The “go slowly, don’t grow too quicky” point really got to me. I’m involved on the board of a small non profit and I think applies in that sector as well. My co-director on the project wants to take on lots of new clients, etc and I do not think we are at the capacity to do so at this point. If any readers have links or resources to kind of flesh that point out, I’d love to read them. He’s on board with me that we need to perhaps go slowly to improve the quality and reliability of the… Read more »

Katharine
Katharine
12 years ago

Tack on there don’t start businesses with family. My father had a pretty horrendous experience going into business with his siblings… There were a whole bunch of issues that went on there.

My mother also used to work for her father, can you imagine the issues it caused when she got pink-slipped?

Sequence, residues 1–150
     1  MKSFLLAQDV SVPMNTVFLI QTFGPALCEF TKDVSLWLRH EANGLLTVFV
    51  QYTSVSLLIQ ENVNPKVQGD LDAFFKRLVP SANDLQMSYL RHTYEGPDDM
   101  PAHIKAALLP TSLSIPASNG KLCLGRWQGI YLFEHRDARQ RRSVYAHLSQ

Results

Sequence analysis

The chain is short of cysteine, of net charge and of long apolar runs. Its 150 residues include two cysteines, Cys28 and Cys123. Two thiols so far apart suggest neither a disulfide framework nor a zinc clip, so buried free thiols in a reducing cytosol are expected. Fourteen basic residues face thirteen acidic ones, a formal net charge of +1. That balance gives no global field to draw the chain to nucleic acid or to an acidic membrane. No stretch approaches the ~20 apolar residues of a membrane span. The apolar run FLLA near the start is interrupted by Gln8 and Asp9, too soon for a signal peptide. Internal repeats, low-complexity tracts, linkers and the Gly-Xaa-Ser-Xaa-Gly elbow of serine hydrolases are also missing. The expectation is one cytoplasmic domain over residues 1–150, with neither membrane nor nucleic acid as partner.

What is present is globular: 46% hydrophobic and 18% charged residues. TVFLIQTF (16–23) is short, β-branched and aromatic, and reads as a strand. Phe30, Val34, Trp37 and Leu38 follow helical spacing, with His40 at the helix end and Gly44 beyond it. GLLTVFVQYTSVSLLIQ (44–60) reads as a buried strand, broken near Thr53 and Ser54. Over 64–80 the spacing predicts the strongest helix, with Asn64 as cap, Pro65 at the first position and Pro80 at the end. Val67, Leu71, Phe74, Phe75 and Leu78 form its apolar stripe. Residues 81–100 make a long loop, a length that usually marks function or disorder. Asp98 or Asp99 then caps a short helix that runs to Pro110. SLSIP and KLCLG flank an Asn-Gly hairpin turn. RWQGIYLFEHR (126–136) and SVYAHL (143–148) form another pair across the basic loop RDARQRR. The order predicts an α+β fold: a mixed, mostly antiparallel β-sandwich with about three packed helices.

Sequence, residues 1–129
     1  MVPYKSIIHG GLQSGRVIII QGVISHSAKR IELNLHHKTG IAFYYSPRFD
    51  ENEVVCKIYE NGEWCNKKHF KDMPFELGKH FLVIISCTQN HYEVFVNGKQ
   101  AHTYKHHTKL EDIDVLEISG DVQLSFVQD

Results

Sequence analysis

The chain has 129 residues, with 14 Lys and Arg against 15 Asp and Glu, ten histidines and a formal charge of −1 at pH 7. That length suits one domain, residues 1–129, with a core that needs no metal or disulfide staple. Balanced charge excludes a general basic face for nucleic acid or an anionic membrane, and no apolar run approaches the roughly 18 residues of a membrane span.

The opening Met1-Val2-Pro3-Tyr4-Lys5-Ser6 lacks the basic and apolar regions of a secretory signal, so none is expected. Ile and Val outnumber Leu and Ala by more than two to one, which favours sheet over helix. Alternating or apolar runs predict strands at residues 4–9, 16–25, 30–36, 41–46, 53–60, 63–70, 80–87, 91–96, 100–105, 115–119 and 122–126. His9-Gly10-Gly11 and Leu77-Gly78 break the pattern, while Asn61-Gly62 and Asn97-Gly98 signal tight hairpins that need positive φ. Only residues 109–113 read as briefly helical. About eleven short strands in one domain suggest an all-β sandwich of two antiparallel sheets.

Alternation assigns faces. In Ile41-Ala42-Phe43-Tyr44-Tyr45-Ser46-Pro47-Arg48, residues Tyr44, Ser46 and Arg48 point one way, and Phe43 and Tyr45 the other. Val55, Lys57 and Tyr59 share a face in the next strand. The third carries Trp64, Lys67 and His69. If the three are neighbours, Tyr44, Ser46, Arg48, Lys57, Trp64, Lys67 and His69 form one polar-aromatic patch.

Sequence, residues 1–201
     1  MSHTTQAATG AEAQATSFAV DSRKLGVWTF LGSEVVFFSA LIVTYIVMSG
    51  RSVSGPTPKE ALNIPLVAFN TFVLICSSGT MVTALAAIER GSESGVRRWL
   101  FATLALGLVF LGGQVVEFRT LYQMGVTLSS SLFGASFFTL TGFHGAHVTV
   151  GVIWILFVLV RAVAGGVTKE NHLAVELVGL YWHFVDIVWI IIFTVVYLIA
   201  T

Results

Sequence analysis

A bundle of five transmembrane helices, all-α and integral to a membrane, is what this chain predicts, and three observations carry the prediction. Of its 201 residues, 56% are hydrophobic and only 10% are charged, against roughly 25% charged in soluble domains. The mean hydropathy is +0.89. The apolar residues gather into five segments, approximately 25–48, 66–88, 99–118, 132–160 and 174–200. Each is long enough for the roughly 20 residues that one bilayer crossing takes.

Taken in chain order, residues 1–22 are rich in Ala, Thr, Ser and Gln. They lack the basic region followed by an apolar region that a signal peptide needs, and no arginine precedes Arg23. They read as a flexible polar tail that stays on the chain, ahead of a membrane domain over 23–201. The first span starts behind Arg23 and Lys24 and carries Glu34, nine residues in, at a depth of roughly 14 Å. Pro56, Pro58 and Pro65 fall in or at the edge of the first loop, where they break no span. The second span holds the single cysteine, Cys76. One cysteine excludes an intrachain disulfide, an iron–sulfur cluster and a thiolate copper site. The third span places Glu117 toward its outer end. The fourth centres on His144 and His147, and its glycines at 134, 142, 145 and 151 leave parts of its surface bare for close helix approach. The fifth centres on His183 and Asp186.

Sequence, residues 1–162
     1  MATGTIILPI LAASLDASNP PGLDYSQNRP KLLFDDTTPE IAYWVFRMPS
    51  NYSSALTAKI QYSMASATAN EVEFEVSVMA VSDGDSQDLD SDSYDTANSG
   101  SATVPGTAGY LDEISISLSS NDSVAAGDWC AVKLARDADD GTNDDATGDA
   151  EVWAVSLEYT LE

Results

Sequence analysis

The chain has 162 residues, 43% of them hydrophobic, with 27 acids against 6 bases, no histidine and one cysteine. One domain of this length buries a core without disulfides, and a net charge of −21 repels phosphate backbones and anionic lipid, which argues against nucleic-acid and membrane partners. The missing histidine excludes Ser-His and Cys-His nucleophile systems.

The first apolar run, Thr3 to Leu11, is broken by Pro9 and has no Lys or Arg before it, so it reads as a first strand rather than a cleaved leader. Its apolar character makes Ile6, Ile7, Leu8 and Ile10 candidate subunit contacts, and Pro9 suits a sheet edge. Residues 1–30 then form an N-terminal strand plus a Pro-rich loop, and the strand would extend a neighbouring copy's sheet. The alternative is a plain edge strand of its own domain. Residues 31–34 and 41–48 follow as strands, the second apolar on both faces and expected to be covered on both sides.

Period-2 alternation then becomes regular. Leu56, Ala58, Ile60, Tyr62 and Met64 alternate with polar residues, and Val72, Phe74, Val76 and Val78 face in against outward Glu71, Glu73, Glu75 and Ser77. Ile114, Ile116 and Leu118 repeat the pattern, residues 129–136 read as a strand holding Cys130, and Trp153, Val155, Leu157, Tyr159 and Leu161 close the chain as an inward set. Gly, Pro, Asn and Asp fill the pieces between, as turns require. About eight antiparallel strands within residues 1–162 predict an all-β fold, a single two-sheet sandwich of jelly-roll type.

fathersez
fathersez
12 years ago

Unless you end up as a sole proprietor, the chances are you will become “friends” with your partners.

In my case this is what happened. We don’t really pull our punches, but the message is delivered in a much more diplomatic manner. I think this has helped us to learn better communications more than anything.

I don’t think we should just write off the possibility of a a friend or a relative as a partner. A known devil should always be better than an unknown angel.

Ryan @ Smarter Wealth
Ryan @ Smarter Wealth
12 years ago